Theaters like the Pickford serve as a place for our community to come together, and there may not be that many left after we’re done “staying at home
By Payton Gift
For many film buffs, sheltering in place can seem like the perfect time to binge watch. Yes, we all have to stay inside, but there’s also no one stopping us from watching “Ferris Bueller’s Day Off” for the third time in a row. Although with theaters shut down, are we missing out on the entire viewing experience?
Bill Campbell, the chairman of the Independent Cinema Alliance, said that when we watch a film together it heightens our experience.
“It all comes down to the communal experience,” Campbell said. “The laughs are louder, the scares are scarier and the suspense is more intense.”
When watching movies at home, it can be easy to get distracted. Whether it’s too many texts from your mom in one day, your roommate blasting music, or just general anxiety that you have something more important you could be doing, kicking back and watching a movie at home can be harder than it sounds.
“Going to the movies is actually a commitment,” Campbell said. “You’re committed to escaping reality for two hours.”
Campbell said that while local theaters may be completely shut down, there are still ways to give your support. Donating or buying gift cards can help, and some theaters are selling curbside concessions to keep business going.
Mikayla Nicholson, an education outreach manager at the Pickford Film Center, said that the executive director, Susie Purves, decided to close the physical operations of the Pickford on March 16. Before the closure, due to COVID-19, the center was gearing up for multiple events including the Bellingham Music Film Festival, which has since moved online.
Nicholson said that the film center stands out from other theaters for its array of films that often don’t get screen time in corporate theaters and for its education outreach. Before the closure, volunteers were working on a media literacy program. During the program, students from Whatcom County middle schools could watch a film for free with an educator teaching them about film and cinema literacy, according to Nicholson. Learning cinema literacy helps kids examine story-telling through film.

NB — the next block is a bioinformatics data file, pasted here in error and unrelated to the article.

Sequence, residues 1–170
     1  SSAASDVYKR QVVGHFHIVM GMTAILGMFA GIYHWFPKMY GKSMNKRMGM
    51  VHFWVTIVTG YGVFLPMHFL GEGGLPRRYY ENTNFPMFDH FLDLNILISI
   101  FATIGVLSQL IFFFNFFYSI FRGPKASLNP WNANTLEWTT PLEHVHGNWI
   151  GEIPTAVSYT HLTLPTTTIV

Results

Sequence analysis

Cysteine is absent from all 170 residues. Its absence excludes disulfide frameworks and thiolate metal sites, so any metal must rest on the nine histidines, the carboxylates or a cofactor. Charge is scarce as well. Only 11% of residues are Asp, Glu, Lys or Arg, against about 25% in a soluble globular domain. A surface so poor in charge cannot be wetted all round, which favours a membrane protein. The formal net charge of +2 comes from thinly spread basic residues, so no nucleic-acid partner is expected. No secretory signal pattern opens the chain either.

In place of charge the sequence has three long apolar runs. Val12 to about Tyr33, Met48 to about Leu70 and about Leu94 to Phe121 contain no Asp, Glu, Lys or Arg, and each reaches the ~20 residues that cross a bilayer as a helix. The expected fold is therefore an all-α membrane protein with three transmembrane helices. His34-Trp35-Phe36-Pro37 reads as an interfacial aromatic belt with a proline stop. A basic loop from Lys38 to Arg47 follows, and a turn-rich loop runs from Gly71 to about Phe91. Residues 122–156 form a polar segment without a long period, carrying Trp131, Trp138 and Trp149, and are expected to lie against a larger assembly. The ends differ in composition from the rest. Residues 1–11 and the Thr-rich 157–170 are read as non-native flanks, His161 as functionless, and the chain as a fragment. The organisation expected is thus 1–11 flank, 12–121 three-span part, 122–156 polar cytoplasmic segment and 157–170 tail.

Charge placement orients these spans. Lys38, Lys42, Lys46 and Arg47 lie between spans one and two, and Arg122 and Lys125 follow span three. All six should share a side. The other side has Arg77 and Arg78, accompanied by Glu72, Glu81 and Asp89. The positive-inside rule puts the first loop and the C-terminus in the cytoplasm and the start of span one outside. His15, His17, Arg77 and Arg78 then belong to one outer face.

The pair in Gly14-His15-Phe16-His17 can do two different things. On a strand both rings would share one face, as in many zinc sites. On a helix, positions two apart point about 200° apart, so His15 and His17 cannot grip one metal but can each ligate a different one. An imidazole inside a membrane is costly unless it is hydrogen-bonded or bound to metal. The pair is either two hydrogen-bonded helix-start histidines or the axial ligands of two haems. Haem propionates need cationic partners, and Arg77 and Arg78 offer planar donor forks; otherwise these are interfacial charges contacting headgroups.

“I think what makes independent theaters special is how people-driven they are,” Nicholson said. “There is room to be creative with film choices and events, and at the end of the day, I just enjoy watching a diverse, challenging and joyful selection of independent films with other people. It’s one of the things I miss the most about the way things used to be.”
Ryan Uhlhorn, the operations manager of the film center, said that the decision to close before Gov. Jay Inslee’s stay-at-home order was simply because they thought it was the right thing to do. The center was also already seeing a drop in attendance due to fears of COVID-19. Before the outbreak, the center was seeing a higher rate of attendance than usual.
“Independent theaters, we call them ‘art house theaters,’ are an important source of non-commercial film, which offers a much broader viewpoint to the community,” Uhlhorn said. “Programming only commercially viable and popular films does not justly represent our society. We pick content for its quality and purpose and not the dollar signs it represents.”
Thanks to theaters like the Pickford, people can go see films that may not have gotten mainstream attention but are worth seeing nonetheless. It’s up to their supporters to make sure that they’re still here when it’s over.
Thanks to work by the executive director and board of the Pickford, staff members are still able to receive payment, Uhlhorn said He also said they applied for a federal loan so that they can continue to pay their staff for as long as possible.
If you’re interested in helping your local theater, Nicholson said there are a number of ways. You can donate, buy a membership or stream new releases on the Pickford’s website. And finally, get out there and support them once their doors reopen.